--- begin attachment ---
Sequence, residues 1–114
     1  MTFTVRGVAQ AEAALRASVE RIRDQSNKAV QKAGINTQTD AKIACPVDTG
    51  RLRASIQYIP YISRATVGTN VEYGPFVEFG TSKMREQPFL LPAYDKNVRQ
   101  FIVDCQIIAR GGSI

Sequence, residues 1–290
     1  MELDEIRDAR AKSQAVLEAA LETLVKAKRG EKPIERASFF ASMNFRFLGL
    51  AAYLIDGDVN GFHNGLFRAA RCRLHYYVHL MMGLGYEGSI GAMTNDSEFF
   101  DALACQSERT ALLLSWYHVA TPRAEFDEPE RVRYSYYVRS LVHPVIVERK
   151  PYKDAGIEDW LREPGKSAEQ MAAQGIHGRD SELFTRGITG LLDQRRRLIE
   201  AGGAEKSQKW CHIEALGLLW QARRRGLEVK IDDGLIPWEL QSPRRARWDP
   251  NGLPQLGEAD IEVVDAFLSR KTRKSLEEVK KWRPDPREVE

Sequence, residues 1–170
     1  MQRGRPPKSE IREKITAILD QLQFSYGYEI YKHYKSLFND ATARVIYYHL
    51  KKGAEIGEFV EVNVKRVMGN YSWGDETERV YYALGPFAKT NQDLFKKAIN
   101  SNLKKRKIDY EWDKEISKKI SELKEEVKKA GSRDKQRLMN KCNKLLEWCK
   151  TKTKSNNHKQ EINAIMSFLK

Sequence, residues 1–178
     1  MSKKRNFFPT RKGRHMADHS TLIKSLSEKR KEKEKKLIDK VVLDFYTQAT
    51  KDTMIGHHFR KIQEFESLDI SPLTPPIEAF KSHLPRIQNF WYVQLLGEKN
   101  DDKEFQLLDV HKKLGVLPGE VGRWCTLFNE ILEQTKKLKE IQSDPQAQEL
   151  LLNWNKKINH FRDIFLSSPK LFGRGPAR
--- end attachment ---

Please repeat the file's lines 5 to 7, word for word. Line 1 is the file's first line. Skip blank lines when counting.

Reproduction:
Sequence, residues 1–290
     1  MELDEIRDAR AKSQAVLEAA LETLVKAKRG EKPIERASFF ASMNFRFLGL
    51  AAYLIDGDVN GFHNGLFRAA RCRLHYYVHL MMGLGYEGSI GAMTNDSEFF